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Converting String to Integer or Double

Its very simple in VC++. In the followeing code I have declared a
String, and a double than I am taking the string and converting it into
Double. getch() at the end is only to pause the screen so you can see
the result.
#include <conio.h>
#include <iostream>
using namespace std;
void main ()

{
string S ; //
S = "990123";
double D = double();

D = atoi( S.c_str());

cout << D << " <--- Interger String -----> " <<S.c_str();
getch();
}

Jul 23 '05 #1
4 3499
Its very simple in VC++. In the followeing code I have declared a
String, and a double than I am taking the string and converting it into

Double. getch() at the end is only to pause the screen so you can see
the result.
#include <conio.h>
#include <iostream>
using namespace std;
void main ()
{
string S ; //
S = "990123";
double D = double();
D = atoi( S.c_str());
cout << D << " <--- Interger String -----> "
<<S.c_str();
getch();
}

Jul 23 '05 #2
ra***********@yahoo.com wrote:
Its very simple in VC++. In the followeing code I have declared a
String, and a double than I am taking the string and converting it into
Double. getch() at the end is only to pause the screen so you can see
the result.
#include <conio.h>
#include <iostream>
using namespace std;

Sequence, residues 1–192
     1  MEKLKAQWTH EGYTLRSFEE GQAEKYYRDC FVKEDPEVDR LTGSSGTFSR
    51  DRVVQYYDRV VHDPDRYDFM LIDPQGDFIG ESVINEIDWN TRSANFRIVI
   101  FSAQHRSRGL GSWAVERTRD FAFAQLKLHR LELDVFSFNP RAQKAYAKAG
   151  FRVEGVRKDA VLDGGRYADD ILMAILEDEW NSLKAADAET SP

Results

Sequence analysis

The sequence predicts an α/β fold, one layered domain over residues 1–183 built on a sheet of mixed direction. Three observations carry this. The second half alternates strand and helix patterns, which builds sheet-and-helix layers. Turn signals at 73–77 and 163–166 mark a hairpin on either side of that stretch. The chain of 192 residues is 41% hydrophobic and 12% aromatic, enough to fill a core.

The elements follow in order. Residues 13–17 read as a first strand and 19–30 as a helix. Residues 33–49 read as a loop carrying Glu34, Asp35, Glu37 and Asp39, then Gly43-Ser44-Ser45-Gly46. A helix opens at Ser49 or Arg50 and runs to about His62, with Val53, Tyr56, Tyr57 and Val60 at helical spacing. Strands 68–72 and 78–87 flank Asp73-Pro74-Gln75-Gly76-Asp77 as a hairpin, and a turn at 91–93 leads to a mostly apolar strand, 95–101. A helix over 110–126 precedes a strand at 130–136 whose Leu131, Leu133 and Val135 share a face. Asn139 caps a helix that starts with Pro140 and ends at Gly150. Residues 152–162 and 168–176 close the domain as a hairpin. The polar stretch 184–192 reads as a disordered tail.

void main ()

{
string S ; //
S = "990123";
double D = double();

D = atoi( S.c_str());

cout << D << " <--- Interger String -----> " <<S.c_str();
getch();
}

try to use stringstreams . they are much more type-safe.
Jul 23 '05 #3
The Boost library has a 'lexical_cast' class that will do this with
stringstreams, so you don't have to mess with it.

It's not too difficult to do of course, but it provides a nice wrapper.
So here's the lexical_cast version of the original poster's code:
#include <iostream>
#include <string>
#include <boost/lexical_cast.hpp>

using namespace std;

void main ()
{
string S = "990123";

double D = lexical_cast<double>(S);

cout << D << " <--- Interger String -----> " <<S;
}

Additional comments about the original code:
Why are you using conio.h? Okay, I realize that getch() provides a nice
'get any key' function, but you can replace it with something like
cin.ignore and require the user to press enter to get a portable
solution.

Second suggestion is to try to put variable initialization at the same
place as the declaration as I have above.

Especially in the case of something like double D = double(); . What
your code does (assuming no optimization) is to assign 0 to D then
immediately assign the value of atoi(S.c_str()); to D. I realize that
premature microoptimizations like this are usually a bad idea, but that
doesn't mean you should try to create more work. Adding the '=
double()' there has no purpose and, IMO, reduces readability instead of
enhancing it.

Finally, why '<< S.c_str(); '? The C++ streams know about the string
class (or more accurately, the string class knows about the C++
streams), so '<< S' will work fine.

Jul 23 '05 #4
Sorry I guess when I typed I some how missed my question. My original
question was is there a better way to do what I am doing. And second I
do agree that declaring and initializing variables like this reduces
readability, but I think it makes more sense that a variable should be
assigned when it is created just to be on the safe side. Then I know
that my variable contains no garbage.

Jul 23 '05 #5

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